The Toyota Sienna was completely redesigned for the 2021 model year. Aside from a giving it bolder look on the outside, a more luxurious aesthetic on the inside, and a new set of features, Toyota also gave every new Sienna a hybrid powertrain. I found this new engine to be so efficient that even after driving the 2021 Sienna for a week, I barely saw the needle on the fuel gauge move.
The 2021 Toyota Sienna foiled my usual plans
Typically, whenever I drive a hybrid model of any sort, I’ll put it through its usual paces to see what kind of gas mileage it can get. When I drove the Toyota Prius for a week, I pinned the throttle every chance I got and left it in sport mode in order to see if I could get the worst gas mileage possible. I even did the same when I drove the 2021 Venza for a week, although, the cold weather assisted me in getting below the average EPA fuel economy ratings.
However, when it came to the all-new Sienna, my plans for getting the worst mileage out of it were foiled. I pegged the throttle as much as I could, left it in sport mode, and even made sure to go some long drives when possible, but alas, the needle stayed at the full level for most of the week. It was super impressive, especially considering I was averaging 33 mpg the whole time.
What kind of fuel economy does the 2021 Toyota Sienna get?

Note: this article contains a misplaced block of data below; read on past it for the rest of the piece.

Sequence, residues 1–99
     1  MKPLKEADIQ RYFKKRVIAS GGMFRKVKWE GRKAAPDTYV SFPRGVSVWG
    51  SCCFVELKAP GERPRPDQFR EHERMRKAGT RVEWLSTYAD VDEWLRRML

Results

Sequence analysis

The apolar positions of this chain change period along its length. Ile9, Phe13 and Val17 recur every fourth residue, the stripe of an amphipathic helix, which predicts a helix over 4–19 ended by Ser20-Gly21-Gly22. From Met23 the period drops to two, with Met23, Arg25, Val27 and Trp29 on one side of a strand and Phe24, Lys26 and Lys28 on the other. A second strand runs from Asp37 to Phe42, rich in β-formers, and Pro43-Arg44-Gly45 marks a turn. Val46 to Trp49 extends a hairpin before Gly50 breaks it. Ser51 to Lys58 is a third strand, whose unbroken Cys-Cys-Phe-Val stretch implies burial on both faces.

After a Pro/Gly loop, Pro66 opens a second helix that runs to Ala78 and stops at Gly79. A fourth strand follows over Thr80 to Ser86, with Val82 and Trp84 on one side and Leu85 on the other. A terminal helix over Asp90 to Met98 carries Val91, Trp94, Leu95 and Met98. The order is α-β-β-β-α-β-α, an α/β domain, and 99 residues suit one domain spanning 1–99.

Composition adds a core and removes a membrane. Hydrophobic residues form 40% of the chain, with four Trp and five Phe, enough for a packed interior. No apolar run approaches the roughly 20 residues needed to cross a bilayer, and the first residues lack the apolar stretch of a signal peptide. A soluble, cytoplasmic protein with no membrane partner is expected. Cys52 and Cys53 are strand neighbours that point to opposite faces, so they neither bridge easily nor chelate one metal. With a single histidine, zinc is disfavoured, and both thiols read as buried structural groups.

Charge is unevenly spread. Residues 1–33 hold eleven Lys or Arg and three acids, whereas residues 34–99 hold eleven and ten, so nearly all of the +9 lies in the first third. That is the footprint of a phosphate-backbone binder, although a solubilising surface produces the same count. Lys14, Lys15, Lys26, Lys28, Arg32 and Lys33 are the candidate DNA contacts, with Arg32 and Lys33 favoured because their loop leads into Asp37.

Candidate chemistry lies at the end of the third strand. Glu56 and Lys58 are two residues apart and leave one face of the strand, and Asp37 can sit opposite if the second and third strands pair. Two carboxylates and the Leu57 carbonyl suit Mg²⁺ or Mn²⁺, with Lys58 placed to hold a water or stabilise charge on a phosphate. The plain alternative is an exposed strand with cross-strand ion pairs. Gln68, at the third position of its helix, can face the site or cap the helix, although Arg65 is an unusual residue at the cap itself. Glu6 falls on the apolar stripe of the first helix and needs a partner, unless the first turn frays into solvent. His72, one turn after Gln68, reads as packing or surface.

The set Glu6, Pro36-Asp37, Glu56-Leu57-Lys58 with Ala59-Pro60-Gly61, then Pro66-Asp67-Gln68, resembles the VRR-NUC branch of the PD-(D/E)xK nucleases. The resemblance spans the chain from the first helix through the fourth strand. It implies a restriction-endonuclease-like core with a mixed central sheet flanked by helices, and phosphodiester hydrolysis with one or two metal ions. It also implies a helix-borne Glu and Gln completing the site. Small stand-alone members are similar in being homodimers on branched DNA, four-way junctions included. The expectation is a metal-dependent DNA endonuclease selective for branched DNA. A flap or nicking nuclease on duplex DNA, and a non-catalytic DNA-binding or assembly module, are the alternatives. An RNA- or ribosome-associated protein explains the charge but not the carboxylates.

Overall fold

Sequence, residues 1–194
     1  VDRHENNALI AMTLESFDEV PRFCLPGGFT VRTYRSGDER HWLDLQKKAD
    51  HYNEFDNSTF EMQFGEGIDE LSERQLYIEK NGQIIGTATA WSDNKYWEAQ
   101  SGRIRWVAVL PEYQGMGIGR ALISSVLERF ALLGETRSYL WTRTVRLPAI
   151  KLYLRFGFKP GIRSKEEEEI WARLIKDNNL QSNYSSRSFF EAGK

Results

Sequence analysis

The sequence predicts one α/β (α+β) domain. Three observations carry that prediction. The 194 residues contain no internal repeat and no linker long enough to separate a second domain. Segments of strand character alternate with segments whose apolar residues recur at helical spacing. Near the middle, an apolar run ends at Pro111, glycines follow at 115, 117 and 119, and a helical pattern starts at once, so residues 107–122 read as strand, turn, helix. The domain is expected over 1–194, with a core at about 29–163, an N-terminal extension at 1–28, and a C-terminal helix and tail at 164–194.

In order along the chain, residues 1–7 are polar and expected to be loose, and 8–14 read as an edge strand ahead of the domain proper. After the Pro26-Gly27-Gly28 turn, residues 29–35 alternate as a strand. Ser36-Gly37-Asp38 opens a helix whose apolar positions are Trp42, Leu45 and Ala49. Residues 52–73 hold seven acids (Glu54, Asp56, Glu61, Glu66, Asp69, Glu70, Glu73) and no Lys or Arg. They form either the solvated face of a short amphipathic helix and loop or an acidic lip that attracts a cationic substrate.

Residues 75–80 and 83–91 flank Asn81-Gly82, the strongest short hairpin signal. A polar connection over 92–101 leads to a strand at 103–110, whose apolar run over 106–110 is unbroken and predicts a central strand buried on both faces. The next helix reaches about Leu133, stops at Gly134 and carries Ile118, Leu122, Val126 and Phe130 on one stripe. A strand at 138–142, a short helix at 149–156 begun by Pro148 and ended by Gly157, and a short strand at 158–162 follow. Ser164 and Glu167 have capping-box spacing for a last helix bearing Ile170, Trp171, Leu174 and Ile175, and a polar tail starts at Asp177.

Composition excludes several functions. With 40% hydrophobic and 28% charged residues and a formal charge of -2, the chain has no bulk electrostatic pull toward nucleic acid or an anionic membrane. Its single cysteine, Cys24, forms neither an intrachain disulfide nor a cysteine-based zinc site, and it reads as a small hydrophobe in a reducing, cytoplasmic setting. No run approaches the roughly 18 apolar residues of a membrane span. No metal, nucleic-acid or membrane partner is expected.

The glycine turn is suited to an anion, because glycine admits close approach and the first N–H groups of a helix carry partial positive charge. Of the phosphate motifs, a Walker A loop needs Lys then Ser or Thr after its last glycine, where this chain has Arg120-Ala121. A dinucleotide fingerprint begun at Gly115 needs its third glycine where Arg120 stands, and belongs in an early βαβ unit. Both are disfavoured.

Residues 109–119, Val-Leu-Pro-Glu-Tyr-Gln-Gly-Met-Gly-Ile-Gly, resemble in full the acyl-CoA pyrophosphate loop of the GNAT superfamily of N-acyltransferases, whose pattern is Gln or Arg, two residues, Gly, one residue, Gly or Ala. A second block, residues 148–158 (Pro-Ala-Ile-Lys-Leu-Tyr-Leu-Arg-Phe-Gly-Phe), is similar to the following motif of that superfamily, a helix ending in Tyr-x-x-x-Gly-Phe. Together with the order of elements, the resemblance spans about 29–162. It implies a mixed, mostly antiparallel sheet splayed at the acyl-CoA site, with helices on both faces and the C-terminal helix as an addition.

According to fueleconomy.gov, the 2021 Toyota Sienna is able to achieve up to 35 mpg in the city, 36 mpg on the highway, and an average of 35 mpg in combined driving. Looking at those stats, it’s no wonder that I was able to achieve such high figures in my quasi real-world testing.
In case you’re wondering, the outgoing 2020 model outfitted with the V6 engine and an all-wheel drivetrain was able to achieve an EPA-estimated 18 mpg in the city and 24 mpg on the highway. That means this new iteration is able to achieve about double the city fuel economy, so I can clearly see why Toyota decided to outfit every Sienna with the hybrid powertrain.
What kind of hybrid setup does the 2021 Sienna have?
Under the hood of the 2021 Sienna is a 2.5-liter, four-cylinder engine that’s mated to a pair of electric motors – one in between the front axles and one in the rear – to produce a combined total of 245 hp. The power is routed through an electronic continuously variable transmission (eCVT) that finds the sweet spot in the powerband under any driving situation in order to optimize the power delivery and fuel economy.
Many times, a CVT can prove to be annoying under hard acceleration due to its “rubber band-like” operation, but in the Sienna, I didn’t notice any kind of annoyance while driving. In fact, I found that the powertrain was smooth under light acceleration when the van was driven solely on the electric motor, but a little louder when the gas engine kicked in for more power.
The switch between the electric motor and gas engine is smooth, but you can definitely hear when the gas engine comes online. It sounds like what I would call “a sedated yeti growl,” but it gets the job done nonetheless.
Maybe the fuel gauge was broken?
After a week of driving the 2021 Toyota Sienna, I was almost convinced that the fuel gauge was broken. It is possible that I just needed to drive it more and I have no doubts that a long road trip would make the needle move. But at least we know that when it comes to running everyday errands and making the trip to work and back, the Sienna will stay full for a while. Much like a sedated yeti.